MIT Undergraduates: Make Games with Us this Summer as a UROP!

The MIT Game Lab, MIT Education Arcade, and “Shenkar – Engineering. Art. Design” (of Tel Aviv, Israel) are partnering up this summer to run a Game Development Summer Workshop!

We are hiring current MIT or Wellesley undergrads, eligible for an MIT UROP, to participate in the workshop and to make video games with us!

We are looking for enthusiastic students who want to practice their game design, production, and programming skills in a challenging environment!

Students will work full-time (40 hours/week at the standard $10/hour UROP rate) during the Summer (early June thru late August). Part-time work is also available in the Spring if you are free then as well. Students from both MIT and Shenkar will work together in multi-disciplinary teams to make games for social change. The work will take place on MIT campus, guided by staff mentors from the Game Lab and Education Arcade (our games: &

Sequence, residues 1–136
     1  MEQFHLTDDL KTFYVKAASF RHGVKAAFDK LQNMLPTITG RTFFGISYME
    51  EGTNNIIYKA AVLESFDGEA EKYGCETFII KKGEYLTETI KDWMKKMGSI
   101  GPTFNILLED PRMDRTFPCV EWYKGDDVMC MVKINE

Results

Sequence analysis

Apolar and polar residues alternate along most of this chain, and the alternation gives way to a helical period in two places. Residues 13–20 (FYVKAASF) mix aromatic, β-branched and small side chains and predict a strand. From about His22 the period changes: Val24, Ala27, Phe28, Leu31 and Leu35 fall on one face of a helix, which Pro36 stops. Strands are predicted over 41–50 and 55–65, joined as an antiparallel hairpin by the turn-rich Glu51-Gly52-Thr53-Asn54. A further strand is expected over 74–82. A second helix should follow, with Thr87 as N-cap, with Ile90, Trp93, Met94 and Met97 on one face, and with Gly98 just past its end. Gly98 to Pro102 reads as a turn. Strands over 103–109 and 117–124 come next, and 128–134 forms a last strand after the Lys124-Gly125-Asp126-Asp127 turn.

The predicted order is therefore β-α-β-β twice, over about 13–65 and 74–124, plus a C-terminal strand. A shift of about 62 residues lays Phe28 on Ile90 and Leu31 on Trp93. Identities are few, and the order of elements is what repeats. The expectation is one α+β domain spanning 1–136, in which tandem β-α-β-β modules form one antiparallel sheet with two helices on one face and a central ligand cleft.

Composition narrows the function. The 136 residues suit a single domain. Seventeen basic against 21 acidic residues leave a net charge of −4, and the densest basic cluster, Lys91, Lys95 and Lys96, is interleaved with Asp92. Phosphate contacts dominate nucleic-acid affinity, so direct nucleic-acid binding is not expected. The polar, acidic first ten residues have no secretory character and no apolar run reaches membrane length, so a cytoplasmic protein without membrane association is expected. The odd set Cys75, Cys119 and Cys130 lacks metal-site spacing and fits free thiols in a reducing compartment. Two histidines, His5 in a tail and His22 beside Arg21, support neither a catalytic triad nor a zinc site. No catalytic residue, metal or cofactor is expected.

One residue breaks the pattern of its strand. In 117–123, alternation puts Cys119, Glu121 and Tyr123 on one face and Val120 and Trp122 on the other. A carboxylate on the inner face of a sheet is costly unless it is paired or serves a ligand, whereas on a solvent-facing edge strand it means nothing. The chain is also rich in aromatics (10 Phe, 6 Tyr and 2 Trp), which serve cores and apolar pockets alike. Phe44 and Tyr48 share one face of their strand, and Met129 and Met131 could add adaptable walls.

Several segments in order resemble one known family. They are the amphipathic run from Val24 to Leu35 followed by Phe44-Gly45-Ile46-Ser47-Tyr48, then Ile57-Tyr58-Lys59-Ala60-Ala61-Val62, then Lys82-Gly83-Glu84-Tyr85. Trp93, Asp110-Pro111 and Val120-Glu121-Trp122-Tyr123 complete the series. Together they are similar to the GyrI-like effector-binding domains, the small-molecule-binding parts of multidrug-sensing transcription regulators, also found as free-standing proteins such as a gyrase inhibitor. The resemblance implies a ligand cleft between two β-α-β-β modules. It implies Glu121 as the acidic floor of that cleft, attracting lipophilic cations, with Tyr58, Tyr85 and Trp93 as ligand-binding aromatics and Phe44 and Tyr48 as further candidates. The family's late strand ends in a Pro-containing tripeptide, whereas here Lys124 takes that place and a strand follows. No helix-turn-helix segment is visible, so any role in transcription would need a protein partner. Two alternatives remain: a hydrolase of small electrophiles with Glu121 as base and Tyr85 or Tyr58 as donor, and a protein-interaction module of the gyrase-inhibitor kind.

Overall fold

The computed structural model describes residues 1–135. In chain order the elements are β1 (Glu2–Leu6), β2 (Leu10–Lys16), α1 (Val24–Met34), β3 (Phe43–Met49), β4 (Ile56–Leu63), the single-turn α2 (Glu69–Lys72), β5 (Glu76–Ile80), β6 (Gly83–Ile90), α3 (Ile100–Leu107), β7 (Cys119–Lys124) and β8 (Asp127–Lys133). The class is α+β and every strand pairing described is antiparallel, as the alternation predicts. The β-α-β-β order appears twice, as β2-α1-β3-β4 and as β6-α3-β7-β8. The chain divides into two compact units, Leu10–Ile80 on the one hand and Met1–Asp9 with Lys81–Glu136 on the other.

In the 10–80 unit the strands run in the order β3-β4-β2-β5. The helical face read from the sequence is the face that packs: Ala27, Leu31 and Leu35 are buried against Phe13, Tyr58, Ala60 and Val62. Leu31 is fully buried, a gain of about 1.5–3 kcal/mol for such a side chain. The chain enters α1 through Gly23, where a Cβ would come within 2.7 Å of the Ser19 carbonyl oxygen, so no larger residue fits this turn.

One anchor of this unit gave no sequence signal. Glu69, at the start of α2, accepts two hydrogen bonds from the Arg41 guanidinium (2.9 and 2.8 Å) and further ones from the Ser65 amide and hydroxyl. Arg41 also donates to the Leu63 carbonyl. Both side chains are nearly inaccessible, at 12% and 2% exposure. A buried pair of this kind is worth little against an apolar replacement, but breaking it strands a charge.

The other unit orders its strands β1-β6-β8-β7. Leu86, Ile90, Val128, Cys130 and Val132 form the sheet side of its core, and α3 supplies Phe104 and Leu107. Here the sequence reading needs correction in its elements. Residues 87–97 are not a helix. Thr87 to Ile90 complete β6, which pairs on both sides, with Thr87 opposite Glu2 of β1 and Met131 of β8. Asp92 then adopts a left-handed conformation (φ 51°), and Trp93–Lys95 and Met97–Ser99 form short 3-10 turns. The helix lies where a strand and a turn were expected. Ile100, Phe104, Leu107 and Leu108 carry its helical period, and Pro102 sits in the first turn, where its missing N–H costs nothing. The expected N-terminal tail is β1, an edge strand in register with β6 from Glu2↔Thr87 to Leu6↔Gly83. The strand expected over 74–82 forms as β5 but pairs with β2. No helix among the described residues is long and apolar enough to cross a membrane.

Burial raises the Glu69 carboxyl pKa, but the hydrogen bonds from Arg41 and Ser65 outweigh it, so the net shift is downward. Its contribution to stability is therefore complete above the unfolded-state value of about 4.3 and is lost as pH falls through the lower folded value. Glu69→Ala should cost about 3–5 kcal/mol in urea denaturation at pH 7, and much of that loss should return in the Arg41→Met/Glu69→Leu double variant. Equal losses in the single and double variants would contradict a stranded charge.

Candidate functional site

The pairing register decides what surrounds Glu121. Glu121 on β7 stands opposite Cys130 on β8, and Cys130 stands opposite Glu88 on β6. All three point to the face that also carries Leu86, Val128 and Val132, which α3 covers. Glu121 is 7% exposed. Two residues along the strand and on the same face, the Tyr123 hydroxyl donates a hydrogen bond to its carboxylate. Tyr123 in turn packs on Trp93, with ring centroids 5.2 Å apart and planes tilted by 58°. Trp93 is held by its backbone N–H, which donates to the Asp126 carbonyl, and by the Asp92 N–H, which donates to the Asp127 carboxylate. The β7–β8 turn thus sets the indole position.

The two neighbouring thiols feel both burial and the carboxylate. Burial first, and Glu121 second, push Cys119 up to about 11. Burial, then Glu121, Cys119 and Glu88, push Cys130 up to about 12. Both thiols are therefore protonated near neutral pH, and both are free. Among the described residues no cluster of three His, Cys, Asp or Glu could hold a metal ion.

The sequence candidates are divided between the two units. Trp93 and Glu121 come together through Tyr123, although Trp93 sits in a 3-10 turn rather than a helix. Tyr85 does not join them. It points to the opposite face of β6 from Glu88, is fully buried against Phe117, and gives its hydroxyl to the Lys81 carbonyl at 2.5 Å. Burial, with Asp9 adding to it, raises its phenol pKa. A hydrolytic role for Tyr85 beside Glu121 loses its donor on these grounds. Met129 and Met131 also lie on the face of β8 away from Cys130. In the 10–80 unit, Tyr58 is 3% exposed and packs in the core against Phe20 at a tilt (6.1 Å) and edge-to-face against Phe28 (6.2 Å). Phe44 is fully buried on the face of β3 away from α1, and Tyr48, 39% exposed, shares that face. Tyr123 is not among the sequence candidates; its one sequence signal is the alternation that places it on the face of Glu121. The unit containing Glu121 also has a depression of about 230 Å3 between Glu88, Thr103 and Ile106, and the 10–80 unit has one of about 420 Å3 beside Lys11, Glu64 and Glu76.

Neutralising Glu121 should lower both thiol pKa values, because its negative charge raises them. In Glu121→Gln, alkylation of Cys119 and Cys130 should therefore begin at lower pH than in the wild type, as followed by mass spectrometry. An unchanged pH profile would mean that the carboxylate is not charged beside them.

Does all this sound interesting to you? Are you ready to make some amazing games? This is a great opportunity to network with other like-minded students, to add a completed and shipped project to your portfolio, and to possibly even find folks you might want to work with in the future!

Candidates will be able to demonstrate applicable skills depending on the type of role we’re hiring (design or programming). Students who have done a UROP to create new software or games, or who have taken game design classes taught by the Game Lab or the Education Arcade, will be preferred.

Please send the following to Sara Verrilli, MIT Game Lab ( by April 15th:
– Updated resume/CV
– Cover letter (statement of interest: why do you want to work with us? what kinds of games have you made?)
– Link to portfolio of work if you have one (previous games made, applicable classwork)

Interviews will be given through April 25th with all positions filled by the end of April.

As Studio Manager for the MIT Game Lab, Rik Eberhardt spends his days playing Tetris: with people, boxes, tasklists, equipment, and time. When not staring at a spreadsheet trying to fit in another computer purchase, a last minute event budget, or placing undergraduate researchers on a Game Lab project, he's chipping away at spreadsheets on his DS, reproducing pixel-art in Picross and Picross 3D. His favorite moments on the job are working on projects with student workers and having fun social interactions forced on him despite his busy schedule. Contact him about research projects at the MIT Game Lab at